- Learn about the 3C Fellows and participate in our change planning. Several UW CSE faculty and graduate students are cohort 1 fellows (including myself), and we're currently wrapping up our "learning" phase and transitioning to organizational change. Two reads: the Deliverable Design Checklist (What would you like to see us design next year?) and Broadening Participation Beyond Diversity.
We're most excited to work in area 2: focusing on designing a more critical CS education at the level of restorying CSE courses and curricula, but also including and involving broader efforts in the K–12 CS education space. I can see these activities including design of course syllabi, grassroots efforts to educate our Allen School community, and engaging stakeholders in both processes.
- Survey the Allen School Justice, Equity, and DEI focused classes. Which classes are most interesting to you? What about classes not on this list (see the full CSE courses list)? Do your interests span multiple classes? Or maybe your interests are more in outreach. Think about the different dimensions of pedagogy, content, and assessment that we might want to reshape, speaking either from your personal experience taking the course in the Allen School or elsewhere.
- Learn more about critical pedagogy (how we teach), content (what we teach), and assessment (what we define as success). Feel free to research what you're most interested in with respect to point 1, or see some of these resources that I've been thinking about recently: Challenging Cultural Deficit Approaches in Communities & Schools, Introduction to CS through a Social History of Computing (attached) + CS ed in higher education (presentation for Microsoft but useful context and historical background), and our CS Ed seminar discussions (CSE login): 1, 2, 3.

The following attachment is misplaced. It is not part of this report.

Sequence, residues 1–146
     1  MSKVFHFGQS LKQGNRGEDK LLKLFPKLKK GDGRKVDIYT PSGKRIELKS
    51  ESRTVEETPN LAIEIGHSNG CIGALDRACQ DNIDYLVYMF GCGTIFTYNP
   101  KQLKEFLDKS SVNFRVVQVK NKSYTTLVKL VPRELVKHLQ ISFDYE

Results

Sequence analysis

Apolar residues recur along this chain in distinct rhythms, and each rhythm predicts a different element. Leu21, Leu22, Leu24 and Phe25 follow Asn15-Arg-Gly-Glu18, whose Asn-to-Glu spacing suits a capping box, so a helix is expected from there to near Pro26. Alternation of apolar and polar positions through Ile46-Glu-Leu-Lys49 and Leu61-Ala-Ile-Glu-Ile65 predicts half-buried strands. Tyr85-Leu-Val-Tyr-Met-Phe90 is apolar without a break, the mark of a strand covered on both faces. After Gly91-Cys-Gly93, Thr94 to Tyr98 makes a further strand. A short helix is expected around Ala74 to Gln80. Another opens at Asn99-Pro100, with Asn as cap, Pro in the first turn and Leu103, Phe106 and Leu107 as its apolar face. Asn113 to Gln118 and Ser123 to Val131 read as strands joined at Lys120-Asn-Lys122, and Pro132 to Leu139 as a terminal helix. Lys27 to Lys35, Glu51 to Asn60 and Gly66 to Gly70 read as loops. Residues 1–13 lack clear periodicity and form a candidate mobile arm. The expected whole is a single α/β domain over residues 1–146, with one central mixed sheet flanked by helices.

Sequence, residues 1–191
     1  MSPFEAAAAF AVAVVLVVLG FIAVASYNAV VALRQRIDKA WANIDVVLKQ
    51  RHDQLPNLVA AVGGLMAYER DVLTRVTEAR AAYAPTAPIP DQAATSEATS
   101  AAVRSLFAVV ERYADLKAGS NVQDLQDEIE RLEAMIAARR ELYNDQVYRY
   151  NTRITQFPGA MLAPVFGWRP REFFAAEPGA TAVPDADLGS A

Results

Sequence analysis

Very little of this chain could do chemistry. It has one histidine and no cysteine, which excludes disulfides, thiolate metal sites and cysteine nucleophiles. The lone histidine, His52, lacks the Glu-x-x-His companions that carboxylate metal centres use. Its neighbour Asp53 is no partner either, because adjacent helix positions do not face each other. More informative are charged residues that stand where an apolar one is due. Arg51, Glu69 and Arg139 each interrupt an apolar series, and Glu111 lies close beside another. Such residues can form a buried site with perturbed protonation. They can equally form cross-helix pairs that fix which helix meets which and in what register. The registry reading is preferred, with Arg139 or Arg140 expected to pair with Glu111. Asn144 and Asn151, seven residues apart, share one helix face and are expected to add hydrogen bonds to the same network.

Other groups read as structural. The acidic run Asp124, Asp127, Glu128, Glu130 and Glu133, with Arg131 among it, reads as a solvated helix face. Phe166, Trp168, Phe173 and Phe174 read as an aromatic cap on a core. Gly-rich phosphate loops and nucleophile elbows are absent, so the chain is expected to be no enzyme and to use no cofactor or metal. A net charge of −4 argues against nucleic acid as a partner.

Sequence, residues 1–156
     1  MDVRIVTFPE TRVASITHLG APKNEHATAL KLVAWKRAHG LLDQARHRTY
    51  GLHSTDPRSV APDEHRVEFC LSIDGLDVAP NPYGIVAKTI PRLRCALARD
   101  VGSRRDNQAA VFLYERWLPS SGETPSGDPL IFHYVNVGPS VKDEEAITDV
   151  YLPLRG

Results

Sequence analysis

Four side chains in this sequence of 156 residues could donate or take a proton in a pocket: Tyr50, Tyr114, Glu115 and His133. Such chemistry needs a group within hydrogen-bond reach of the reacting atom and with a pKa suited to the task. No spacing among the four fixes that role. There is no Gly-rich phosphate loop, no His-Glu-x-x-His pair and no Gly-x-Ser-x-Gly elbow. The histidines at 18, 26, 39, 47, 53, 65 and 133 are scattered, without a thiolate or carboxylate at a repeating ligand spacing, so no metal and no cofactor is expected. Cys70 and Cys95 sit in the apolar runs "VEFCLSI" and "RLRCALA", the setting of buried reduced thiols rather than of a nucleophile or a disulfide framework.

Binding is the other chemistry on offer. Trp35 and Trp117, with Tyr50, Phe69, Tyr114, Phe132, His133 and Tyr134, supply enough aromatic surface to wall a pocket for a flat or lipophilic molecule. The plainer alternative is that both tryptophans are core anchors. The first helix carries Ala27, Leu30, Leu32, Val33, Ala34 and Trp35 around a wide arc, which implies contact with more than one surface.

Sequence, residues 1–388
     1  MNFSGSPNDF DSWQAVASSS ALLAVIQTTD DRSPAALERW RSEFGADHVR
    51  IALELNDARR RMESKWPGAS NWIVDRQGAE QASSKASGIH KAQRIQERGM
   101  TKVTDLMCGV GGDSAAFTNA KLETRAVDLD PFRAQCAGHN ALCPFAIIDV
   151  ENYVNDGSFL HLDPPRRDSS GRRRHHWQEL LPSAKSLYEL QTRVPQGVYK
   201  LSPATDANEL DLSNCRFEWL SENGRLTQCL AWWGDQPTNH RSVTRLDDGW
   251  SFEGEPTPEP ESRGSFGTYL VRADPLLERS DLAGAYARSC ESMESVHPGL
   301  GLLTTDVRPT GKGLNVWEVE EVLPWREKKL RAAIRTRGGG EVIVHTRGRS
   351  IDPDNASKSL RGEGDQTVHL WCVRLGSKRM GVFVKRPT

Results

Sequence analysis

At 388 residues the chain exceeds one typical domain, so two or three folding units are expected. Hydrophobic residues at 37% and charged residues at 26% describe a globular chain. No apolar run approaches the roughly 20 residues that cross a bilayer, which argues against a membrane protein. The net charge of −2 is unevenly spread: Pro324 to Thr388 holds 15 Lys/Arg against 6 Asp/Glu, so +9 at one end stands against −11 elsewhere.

- By our meeting on Friday, bring at least 5 ideas for how you want to impact courses or efforts in CSE. We'll take these ideas and turn them into action plans for this quarter. If you plan to make it to the Sound CS Ed meetup this week, reflect on one thing to share with everyone!
I encourage everyone to attend the IEEE Conference on Research in Equity and Sustained Participation in Engineering, Computing, and Technology (RESPECT 2021) May 23–27. Registration opens April 15. RESPECT is the primary equity-centered computing education research conference. The school can cover the $50 student registration fee for everyone interested in attending. Meeting people and integrating ideas from RESPECT 2021 would be a great way to round-out and reflect on our work toward the end of the quarter.